It really is a stunning site for a military base with a bluffs and ravines and 3/4 miles of shoreline -- untouched by development. Today it is owned and managed by the Lake County Forest Preserve. The beach is accessible to the public via a paved path from the public parking area at the forest preserve. If you come, meander down to the beach -- there are fabulous walking paths.

Fort Sheridan is part of the fabric of the North Shore. With the advent of this residential community, Highwood has become a terrific town with some wonderful stores and shops. If you haven't yet, come visit this interesting historic spot on the North Shore.

Sources: Wikipedia, Encyclopedia of Chicago, Fort Sheridan

Friday, February 18, 2011

Universal Design - Homes That Help You Take Aging in Stride

Why do I need an agent?

Every once in a while, I will work with a buyer or seller who wants to skip the real estate agents and talk directly to the other party.  I get that.  Sometimes its frustrating to work through intermediaries -- particularly when you are trying to negotiate a deal.  

Regardless, both buyers and sellers are working with agents for a reason.   It's important to realize and respect that the other party is more than likely using an agent, so that they don't have to talk directly to the buyer/seller of the home.   It's particularly true with sellers.  Every once in while a buyer will bypass the listing agent and call the seller directly.  It happened once to me.  My clients were both offended and annoyed when the buyers contacted them directly. In their minds, it felt like aggressive and unwanted behavior. 

Buying and selling homes can be a very emotional process.  I have found that many sellers don't want to ever even meet the buyers, much less talk to them.  They want to be out of sight for inspections and have their attorney's represent them at the close.   They have their reasons.  Maybe the move is a painful move: divorce, death, relocation, etc., and they don't really want to sell their house.  Or maybe it's as simple as they don't want to have the "money discussion" with strangers.   If they wanted to deal directly with the buyers, they would have sold their house by owner.  They hired an agent to represent them and that's what their agent is being paid to do.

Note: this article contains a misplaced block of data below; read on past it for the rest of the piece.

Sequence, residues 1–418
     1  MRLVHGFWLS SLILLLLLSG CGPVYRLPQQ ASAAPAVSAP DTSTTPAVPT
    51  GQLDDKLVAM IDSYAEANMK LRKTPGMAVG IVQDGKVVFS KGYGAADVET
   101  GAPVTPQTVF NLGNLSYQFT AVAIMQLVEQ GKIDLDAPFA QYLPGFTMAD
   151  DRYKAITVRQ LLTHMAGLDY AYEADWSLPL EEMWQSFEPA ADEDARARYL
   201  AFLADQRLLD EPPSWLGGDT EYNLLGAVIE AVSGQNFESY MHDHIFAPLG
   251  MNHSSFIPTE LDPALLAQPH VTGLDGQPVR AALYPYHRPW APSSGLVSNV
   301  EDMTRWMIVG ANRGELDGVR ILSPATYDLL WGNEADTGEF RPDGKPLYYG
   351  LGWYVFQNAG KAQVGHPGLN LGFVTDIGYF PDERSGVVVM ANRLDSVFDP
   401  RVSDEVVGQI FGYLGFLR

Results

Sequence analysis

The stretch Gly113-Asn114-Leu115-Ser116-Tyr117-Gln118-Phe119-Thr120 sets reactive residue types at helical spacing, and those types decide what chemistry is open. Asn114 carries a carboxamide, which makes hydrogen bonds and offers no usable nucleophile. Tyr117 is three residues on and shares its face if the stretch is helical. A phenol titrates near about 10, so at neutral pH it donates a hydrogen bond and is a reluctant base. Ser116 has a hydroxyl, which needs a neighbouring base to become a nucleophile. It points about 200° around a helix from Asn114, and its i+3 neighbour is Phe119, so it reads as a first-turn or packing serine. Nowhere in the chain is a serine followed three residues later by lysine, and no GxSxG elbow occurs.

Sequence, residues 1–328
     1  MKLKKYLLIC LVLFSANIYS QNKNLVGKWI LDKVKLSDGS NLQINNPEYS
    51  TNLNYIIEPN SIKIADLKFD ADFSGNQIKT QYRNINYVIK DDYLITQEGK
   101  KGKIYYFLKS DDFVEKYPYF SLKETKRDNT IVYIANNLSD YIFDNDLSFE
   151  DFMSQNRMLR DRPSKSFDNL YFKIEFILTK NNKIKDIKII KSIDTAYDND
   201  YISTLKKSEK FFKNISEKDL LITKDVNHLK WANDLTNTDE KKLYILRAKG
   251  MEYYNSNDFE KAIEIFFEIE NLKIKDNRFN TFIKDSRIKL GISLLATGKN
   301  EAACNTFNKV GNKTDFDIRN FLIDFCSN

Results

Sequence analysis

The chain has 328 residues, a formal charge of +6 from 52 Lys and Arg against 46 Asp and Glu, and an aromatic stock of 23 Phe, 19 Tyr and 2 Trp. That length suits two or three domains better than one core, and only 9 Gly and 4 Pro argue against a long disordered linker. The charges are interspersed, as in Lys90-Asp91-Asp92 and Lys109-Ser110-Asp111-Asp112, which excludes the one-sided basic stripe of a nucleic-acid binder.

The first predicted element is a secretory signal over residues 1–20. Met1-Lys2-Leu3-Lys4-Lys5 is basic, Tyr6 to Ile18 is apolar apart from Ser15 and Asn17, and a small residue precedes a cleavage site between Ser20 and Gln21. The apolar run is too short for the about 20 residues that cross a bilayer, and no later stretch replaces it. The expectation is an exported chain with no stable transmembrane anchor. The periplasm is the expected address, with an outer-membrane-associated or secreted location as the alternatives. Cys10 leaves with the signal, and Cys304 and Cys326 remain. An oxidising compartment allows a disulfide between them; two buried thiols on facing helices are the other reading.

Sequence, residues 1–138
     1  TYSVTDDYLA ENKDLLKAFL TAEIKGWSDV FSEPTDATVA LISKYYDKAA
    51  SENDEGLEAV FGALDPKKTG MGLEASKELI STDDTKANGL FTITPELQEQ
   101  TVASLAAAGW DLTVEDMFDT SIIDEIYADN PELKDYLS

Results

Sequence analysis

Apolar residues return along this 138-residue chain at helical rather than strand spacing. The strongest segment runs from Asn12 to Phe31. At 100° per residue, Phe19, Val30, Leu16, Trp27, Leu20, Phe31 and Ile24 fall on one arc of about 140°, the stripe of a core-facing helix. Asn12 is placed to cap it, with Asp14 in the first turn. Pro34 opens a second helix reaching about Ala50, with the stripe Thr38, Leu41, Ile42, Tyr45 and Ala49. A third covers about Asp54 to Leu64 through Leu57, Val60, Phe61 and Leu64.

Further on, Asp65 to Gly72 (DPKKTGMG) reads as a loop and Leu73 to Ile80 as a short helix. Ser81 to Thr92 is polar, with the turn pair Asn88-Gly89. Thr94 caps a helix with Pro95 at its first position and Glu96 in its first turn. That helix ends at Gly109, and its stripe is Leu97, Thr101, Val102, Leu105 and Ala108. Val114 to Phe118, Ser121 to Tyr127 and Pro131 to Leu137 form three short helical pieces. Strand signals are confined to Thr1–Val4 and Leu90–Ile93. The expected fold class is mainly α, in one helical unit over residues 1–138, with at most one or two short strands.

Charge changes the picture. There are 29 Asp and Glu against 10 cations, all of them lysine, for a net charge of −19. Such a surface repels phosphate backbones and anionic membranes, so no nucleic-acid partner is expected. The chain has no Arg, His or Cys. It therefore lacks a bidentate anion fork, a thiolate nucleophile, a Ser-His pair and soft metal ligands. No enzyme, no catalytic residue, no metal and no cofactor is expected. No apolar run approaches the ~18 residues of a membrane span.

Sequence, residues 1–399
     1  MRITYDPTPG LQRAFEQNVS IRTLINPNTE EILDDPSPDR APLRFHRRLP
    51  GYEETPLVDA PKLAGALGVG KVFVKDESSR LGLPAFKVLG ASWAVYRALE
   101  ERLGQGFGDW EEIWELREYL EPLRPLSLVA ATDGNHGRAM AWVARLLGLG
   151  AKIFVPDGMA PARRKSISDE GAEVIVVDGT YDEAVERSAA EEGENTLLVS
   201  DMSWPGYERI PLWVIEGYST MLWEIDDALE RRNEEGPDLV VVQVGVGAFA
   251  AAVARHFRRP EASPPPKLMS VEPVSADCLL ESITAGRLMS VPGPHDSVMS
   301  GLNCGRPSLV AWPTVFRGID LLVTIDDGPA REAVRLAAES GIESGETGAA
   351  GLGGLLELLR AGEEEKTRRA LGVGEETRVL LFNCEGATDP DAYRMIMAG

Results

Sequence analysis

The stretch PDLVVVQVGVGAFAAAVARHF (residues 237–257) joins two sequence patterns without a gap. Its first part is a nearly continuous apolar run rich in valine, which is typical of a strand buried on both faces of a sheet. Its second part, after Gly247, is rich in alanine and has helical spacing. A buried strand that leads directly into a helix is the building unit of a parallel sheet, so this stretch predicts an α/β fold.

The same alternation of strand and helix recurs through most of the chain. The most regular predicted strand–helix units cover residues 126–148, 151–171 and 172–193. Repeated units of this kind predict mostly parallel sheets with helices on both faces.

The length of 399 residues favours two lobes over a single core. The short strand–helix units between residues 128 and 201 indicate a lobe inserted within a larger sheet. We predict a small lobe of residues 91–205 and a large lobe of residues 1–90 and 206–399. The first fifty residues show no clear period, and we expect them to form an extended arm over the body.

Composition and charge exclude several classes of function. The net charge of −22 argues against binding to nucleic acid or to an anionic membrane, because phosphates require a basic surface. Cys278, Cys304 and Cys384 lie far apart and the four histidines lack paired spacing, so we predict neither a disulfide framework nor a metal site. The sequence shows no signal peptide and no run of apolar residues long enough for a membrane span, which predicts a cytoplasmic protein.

Further, agents often provide a buffer zone between the parties.  Sometimes I've had my clients get angry with me when negotiations are taking place, when all I am doing is communicating the other party's negotiating point of view.   I have to remind myself that it is better that they lose their tempers with me,  then yell at the other party directly and have the negotiations collapse. A good agent communicates their clients' point of view in a calm and rational manner -- not with lots of emotion and drama. 

If you're buying or selling a home and you hired an agent, then let them do their job and represent you and your interests.  It can be a risky move, and might be perceived as very provocative to contact the other party directly.

So how do you know you've got a good negotiator working for you?
  1. Do they have a reputation for integrity among other real estate agents?  That's actually very important, because if they don't -- other agents might be reluctant to do deals with them.
  2. Ask for references.  Find out how they have negotiated for other buyers and sellers.
  3. Look at their track record and ask what their list/sales ratio is.  For example, during the last 12 months, the average list/sales ratio for houses in Lake Forest is 88%.  As a buyer's agent, you'd like your agent's ratio number to be under 88%.  As a seller's agent, you'd like your agent's ratio number to be greater than 88%.  (This is not hard and fast because every deal has a story, but it can be worthwhile to look at their track record.)